jolliest evening of the year.

As Polly and Lois said good night in the latter’s room, Lois said:

“Well, it was a success, and no one but Bet and Louise guessed about the

“Wasn’t it!” agreed Polly. “I’m awfully glad we thought of it; we’d have
starved if we hadn’t. I think the Seniors enjoyed it, too. Isn’t Louise
a darling? Do you know, Lo, if I wasn’t so strongly opposed to
‘crushes,’ I might get an awful one on Louise.”

“Could you?” smiled Lois in reply. “I’ll tell you a secret—I’ve had
quite a desperate one on her myself for two years.”

Later, as Polly slipped into bed, she said aloud to the pictures on the

“What a wonderful box it was.” And closing her eyes she murmured
sleepily: “Bless Uncle Roddy’s heart.”



Lois bounded up the stairs, two steps at a time, waving a yellow
telegram in the air and shrieking: “Polly!” at the top of her lungs. Not
finding her friend in the corridor, she started for the gym, and
discovered her there vigorously bouncing the basket-ball.

“Polly, come here quick,” she cried; “I’ve just had a wire from Dad
saying he, mother and Bob are coming up here this afternoon.”

Polly tucked the ball under one arm and put the other on Lois’ shoulder.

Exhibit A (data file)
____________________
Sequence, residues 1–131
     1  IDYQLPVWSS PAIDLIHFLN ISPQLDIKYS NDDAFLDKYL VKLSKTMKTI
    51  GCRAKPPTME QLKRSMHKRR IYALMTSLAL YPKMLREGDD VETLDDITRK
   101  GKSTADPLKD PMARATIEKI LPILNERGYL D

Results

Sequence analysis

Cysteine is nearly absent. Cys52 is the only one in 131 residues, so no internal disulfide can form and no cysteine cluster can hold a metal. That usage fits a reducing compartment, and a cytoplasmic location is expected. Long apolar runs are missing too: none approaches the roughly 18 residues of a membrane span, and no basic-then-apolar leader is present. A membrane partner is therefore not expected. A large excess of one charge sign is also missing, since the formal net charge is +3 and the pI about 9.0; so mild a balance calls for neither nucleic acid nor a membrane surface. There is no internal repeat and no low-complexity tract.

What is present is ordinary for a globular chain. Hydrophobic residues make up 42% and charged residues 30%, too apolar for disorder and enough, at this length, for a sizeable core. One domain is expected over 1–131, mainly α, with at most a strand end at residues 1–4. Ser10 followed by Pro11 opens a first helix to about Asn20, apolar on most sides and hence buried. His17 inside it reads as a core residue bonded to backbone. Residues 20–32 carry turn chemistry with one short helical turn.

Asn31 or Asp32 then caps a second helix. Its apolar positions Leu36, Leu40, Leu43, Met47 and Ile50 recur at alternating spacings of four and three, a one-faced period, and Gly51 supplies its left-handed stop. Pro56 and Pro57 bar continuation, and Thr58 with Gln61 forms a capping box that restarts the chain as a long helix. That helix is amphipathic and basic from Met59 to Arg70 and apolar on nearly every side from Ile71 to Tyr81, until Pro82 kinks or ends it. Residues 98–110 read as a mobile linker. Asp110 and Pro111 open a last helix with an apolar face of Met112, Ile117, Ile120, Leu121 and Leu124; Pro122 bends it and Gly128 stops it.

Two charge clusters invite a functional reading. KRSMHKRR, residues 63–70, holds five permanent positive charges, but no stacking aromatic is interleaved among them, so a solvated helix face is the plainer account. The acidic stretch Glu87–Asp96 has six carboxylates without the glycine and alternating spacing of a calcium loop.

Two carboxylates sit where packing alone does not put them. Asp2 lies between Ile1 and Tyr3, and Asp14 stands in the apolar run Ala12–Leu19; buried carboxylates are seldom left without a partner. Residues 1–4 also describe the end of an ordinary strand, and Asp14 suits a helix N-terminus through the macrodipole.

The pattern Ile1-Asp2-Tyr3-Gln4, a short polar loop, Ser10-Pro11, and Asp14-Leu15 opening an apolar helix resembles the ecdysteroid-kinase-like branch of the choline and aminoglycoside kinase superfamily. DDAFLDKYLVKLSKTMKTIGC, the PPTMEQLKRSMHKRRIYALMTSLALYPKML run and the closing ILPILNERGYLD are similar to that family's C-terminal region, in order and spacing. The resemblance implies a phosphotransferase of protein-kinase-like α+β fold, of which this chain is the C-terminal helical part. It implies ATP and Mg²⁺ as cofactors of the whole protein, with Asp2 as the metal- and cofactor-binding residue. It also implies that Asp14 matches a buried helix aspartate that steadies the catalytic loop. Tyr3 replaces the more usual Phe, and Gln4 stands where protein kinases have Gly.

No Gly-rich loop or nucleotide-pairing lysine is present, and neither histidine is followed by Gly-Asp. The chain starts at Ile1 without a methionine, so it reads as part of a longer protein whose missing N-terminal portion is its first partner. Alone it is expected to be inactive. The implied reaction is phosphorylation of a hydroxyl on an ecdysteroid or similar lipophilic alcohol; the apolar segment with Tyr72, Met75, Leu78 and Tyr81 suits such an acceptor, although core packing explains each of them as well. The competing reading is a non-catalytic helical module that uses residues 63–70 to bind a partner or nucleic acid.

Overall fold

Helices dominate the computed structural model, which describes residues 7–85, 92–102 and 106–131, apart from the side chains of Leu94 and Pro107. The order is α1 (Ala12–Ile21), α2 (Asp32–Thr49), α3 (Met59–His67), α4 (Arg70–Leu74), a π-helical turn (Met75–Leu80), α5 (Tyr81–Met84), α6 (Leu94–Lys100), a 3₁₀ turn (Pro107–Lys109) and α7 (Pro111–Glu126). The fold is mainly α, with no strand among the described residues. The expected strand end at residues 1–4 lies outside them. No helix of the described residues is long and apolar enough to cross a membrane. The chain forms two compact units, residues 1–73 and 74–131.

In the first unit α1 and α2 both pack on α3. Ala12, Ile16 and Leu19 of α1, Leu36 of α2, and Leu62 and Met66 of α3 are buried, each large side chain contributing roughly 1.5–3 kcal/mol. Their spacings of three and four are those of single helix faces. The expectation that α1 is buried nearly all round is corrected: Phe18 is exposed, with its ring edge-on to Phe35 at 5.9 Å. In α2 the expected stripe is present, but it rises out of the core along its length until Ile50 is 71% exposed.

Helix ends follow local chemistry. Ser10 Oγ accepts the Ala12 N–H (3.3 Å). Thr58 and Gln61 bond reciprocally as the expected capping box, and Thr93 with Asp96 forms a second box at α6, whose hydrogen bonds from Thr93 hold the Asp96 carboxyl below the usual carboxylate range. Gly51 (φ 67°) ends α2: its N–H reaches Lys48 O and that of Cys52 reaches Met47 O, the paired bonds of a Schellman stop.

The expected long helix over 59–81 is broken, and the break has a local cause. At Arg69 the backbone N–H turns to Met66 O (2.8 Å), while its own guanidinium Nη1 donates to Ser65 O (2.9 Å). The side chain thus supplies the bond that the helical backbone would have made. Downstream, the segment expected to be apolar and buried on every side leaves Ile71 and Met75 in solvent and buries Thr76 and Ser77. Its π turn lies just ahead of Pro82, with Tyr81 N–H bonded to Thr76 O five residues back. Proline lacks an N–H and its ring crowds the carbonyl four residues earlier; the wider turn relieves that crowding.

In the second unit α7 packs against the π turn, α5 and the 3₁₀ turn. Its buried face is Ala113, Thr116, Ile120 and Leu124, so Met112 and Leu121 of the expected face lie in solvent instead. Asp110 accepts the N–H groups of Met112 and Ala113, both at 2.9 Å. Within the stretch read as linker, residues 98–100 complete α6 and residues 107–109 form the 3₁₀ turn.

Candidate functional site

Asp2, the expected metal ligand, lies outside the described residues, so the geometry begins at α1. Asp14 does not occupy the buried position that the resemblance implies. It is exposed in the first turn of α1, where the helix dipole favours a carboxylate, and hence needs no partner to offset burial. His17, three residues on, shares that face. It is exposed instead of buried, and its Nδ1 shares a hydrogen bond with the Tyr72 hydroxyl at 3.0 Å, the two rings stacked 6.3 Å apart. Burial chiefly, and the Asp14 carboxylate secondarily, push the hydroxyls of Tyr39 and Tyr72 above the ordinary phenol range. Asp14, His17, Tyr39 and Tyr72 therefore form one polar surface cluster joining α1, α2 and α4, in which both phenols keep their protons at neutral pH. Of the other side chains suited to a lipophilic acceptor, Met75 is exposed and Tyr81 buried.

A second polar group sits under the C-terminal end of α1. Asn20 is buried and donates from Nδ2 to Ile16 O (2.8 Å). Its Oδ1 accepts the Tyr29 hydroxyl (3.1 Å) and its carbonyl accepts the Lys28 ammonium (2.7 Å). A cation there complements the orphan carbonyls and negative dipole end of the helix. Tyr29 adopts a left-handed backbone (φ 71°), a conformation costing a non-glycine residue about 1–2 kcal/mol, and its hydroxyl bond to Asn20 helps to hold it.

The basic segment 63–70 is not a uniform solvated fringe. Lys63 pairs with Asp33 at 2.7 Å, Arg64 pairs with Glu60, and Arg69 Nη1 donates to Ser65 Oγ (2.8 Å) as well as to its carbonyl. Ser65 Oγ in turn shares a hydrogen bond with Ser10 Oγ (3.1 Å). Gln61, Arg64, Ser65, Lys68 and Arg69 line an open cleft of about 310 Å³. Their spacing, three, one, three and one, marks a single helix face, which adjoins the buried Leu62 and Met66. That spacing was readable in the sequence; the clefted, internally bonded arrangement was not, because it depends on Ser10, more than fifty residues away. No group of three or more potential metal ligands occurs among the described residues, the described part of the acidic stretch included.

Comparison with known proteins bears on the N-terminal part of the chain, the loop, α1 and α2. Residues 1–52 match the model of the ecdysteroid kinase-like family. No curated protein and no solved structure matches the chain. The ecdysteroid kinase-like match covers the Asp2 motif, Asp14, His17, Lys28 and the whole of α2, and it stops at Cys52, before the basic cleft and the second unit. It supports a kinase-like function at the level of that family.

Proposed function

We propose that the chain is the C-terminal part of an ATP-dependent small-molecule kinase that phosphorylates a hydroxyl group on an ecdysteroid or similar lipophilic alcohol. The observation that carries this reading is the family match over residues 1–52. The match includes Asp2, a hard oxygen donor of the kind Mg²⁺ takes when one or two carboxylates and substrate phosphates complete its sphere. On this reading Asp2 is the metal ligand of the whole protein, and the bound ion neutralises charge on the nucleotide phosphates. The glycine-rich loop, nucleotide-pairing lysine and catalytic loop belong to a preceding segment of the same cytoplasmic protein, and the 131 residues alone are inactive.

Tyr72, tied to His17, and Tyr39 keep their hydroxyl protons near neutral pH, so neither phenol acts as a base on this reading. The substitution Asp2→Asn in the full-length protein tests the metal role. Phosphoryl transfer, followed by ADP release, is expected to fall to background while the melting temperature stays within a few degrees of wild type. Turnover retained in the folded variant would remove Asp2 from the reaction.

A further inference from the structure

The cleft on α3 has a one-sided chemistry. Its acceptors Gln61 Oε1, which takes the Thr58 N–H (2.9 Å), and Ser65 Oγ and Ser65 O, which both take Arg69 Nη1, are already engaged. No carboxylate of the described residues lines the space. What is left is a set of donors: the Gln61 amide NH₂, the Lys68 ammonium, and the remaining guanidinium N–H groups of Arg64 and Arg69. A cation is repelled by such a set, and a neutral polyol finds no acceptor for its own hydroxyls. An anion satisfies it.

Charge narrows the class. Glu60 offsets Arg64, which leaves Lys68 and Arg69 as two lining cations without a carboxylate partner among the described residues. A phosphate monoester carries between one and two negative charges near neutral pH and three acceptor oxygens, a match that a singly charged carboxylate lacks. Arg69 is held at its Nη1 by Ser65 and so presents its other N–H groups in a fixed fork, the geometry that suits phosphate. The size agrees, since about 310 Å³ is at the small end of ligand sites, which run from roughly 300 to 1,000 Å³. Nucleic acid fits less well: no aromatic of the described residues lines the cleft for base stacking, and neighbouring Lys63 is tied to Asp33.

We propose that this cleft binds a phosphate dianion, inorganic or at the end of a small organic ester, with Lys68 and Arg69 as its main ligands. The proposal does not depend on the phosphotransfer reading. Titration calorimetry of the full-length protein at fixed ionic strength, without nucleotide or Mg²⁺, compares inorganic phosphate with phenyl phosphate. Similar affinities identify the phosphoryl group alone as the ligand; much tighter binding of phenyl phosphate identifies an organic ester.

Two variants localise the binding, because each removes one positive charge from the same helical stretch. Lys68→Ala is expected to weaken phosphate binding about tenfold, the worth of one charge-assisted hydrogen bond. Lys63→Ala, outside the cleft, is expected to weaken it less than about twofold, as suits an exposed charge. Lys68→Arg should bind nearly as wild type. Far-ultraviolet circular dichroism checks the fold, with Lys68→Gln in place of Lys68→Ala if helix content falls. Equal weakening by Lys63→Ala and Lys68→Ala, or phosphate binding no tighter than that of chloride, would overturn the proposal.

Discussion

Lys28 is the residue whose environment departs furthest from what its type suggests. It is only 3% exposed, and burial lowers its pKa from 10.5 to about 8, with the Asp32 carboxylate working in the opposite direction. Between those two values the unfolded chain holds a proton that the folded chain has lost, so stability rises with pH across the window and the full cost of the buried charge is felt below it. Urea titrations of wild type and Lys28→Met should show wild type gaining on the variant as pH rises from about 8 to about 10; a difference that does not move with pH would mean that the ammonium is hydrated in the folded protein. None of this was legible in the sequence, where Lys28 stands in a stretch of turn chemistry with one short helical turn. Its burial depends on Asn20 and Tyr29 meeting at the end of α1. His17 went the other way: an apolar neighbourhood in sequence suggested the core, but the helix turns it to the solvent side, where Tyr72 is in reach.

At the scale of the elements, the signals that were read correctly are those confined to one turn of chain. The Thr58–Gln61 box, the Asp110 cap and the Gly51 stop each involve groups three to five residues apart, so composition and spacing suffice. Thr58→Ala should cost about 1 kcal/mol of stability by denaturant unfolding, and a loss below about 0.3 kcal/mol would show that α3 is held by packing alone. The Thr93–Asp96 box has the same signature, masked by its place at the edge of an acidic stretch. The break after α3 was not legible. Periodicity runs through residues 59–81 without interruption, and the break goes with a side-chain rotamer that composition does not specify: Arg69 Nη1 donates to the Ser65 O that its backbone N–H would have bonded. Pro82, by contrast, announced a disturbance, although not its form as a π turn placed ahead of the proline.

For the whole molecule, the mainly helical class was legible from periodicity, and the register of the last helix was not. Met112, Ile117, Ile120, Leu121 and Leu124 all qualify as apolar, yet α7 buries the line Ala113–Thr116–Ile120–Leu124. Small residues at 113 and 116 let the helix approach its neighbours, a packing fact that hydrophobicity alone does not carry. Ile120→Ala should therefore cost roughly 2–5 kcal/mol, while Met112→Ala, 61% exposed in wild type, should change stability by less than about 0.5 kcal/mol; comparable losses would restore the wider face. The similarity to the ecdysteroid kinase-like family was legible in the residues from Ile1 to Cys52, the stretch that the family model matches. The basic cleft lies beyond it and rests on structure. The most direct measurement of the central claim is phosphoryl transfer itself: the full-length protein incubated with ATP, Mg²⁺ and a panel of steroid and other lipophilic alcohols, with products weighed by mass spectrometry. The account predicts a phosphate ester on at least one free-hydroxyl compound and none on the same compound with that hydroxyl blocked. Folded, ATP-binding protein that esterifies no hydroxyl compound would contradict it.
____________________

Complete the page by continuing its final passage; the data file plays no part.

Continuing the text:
“Are they really?” she asked delightedly. “What time?”

“The wire doesn’t tell, just says, this afternoon. They may be here any
minute.” Then rubbing her cheek against Polly’s she added, coaxingly:

“You’ll help me entertain them won’t you, Poll, and stay with us all the
time they’re here? Promise.”

Polly made a wild attempt to throw the ball in the basket, half way
across the room as she answered:

“Of course I will, what do you want me to do?”

“Hurry and get out of your suit first,” said Lois. “I’m going to ask
Mrs. Baird about the trains.”

Polly hurried to her room to change, and was just tying her sailor tie,
when Lois knocked at the door.

“They can’t get here until three thirty,” she announced. “So there’s
loads of time.”

Polly had almost completed her dressing.

“What are you going to do with them?” she asked, giving a vigorous, last
brush to her wavy hair and straightening her bows.

“They’ve seen the grounds, haven’t they?”

“Bob never has,” Lois answered. Then, after a minute of thoughtful

“Polly, what are we going to do with them? Mother and Father are all
right but Bob’s sure to do something awful, he’s such a tease.”

“Oh, don’t worry about him,” laughed Polly; “if the worst comes to the
worst, you can take him out of bounds.”

In spite of this suggestion, Lois’ brows remained puckered and her
expression worried. She was not thinking so much about how to amuse Bob.
She was wondering how, now that these two were at last to meet, they
would like each other. Suppose they didn’t like each other at all!
Dreadful thought; Polly might think Bob too grown up and quiet, and Bob
might think her “a silly girl.” Lois looked forlorn when she
contemplated such an outcome to this meeting.

She still wore a puzzled expression as she waited on the steps a little
later, watching for the first sign of the Station Carriage. At three